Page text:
Expired PAEP Webinar January 17, 2024

Abiotic and biotic factors affecting restored

pollinator habitat in solar installations


In the United States, land dedicated for solar energy installations is increasing rapidly to meet renewable energy goals. However, multi-acre utility-scale solar energy have potential adverse effects caused by large-scale landscape transformation (Trainor et al. 2016; Hoffacker et al. 2017). An increasingly popular solution to mitigate negative environmental effects of solar sites involves using the space between panels as restored pollinator habitat. Planting and maintenance of pollinator-friendly plant communities in these spaces pose unique challenges that make consideration of both abiotic (e.g. soil type, nutrients, and climate) and biotic (e.g local pollinator community, hardiness of plant species) factors for long-term success. We investigated the roles of soil nitrogen and plant species on pollinator preference.

In one experiment, three cultivars of Brassica rapa (Brassicaceae) were grown under high and low nitrogen levels to determine the effects of soil conditions on pollen production and attractiveness to bumble bees (Bombus impatiens). A two-way, mixed model ANOVA was used to evaluate effects of nutrient level and plant type on plant biomass, pollen grain area, and number of pollen grains. When given 100% of recommended nitrogen, plants had a higher production of pollen grains than plants grown with low levels of nitrogen. Size of pollen grains was not affected by soil nitrogen, but rather by cultivar. These differences in size and number of pollen grains can be important for bee foraging preferences, although we found that genotype was only a marginally significant factor in bumble bee foraging preferences of these plants.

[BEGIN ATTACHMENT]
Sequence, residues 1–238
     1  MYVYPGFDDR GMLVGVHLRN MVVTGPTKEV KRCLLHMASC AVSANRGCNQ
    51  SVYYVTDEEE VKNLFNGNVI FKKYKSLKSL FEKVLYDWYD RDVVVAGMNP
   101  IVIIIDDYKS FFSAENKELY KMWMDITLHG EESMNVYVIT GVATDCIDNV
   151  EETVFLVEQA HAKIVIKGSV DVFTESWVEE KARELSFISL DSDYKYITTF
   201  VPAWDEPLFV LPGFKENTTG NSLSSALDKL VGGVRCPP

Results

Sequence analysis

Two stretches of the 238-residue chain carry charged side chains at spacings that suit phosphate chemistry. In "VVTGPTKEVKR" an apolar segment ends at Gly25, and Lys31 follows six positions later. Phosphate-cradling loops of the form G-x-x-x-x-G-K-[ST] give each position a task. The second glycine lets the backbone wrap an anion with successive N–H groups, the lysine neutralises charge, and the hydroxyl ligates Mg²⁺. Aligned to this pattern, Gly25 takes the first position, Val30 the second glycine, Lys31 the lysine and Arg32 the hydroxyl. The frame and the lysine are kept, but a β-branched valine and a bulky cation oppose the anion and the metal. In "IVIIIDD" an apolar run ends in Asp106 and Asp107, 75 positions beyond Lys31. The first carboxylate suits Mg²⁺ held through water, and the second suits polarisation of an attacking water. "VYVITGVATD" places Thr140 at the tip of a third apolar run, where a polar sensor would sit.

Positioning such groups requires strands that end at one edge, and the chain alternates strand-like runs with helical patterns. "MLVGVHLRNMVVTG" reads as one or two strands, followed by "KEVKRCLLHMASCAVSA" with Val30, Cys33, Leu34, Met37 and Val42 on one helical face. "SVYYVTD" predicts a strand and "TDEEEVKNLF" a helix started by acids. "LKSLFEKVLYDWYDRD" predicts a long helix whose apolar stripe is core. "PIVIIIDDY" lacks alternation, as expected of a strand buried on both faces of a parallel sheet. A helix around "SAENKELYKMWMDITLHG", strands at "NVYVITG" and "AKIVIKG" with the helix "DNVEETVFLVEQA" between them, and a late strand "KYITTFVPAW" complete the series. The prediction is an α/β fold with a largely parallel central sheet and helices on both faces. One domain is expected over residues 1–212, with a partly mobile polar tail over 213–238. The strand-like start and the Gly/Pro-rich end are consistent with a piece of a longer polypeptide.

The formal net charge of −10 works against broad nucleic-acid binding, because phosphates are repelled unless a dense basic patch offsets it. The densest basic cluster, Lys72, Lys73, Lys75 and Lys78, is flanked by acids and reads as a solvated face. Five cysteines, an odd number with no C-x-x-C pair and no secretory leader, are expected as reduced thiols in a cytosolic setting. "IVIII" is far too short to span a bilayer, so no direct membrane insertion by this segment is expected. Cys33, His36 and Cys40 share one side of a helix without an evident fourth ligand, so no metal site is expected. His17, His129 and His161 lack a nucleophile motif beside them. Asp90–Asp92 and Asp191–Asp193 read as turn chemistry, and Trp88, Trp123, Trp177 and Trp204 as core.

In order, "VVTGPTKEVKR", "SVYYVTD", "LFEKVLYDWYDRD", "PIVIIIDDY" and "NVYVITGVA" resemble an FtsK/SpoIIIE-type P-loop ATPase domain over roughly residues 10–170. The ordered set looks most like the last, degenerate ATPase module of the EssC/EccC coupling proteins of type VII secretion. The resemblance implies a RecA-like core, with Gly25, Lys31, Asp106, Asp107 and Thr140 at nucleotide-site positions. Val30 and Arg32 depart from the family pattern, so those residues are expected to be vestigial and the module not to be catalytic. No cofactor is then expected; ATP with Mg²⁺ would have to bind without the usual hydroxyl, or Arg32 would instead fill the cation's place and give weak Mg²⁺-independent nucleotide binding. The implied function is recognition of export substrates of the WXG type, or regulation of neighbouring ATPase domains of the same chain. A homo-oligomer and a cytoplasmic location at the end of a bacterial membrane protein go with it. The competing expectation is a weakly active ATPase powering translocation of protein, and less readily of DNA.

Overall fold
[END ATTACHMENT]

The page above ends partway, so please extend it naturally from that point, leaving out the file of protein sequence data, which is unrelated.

In a second experiment we evaluated the relative attractiveness of 10 species and cultivars of mints from two plant genera, Mentha and Pycnanthemum, at two semi-natural study sites known to support diverse a pollinator community in central Pennsylvania (Russo et al. 2013). Linear mixed effects models were used to examine the fixed effects of selected factors on abundance of visitors within an insect order, total visitor abundance, and diversity of visitors. The native M. arvensis had the greatest abundance of pollinator visitors, but all species and cultivars showed similar diversity of pollinators. The two mint genera also served as generalist plants within this plant-pollinator network, attracting pollinators from the insect orders Hymenoptera, Lepidoptera, Diptera, and Coleoptera. Generalist plant species are important to pollinator communities as they can attract and provide resources for generalist pollinators (those that visit a variety of plant genera/families) as well as specialists (those that visit only a select number of plant genera/families) (Martín González et al. 2010; Ollerton 2017). Thus, native Mentha and Pycnanthemum may be good additions to restored pollinator habitat at solar sites, where attractive, low-maintenance, fast-growing, hardy, and short statured plants are preferred.

The results from both studies revealed the importance of choosing the right plant species to support pollinator communities. Our results also provide better understanding into the importance of soil nutrition on pollen floral resources and ultimately the plant’s attractiveness and utility to pollinator species. Ultimately, we hope these insights will help to improve the quality of restored pollinator habitat.

Presenter:  Sarah Kania is an early career entomologist/pollination ecologist. She completed her master’s at Penn State in entomology, focusing on plant-pollinator interactions and pollinator habitat restoration. She currently works for Penn State conducting wild bee research and has more recently joined ASA as a scientist to help develop pollination-related services to ASA’s clients.

Registration Deadline: January 12, 2024

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  •  January 17, 2024
     12:00 pm - 1:00 pm
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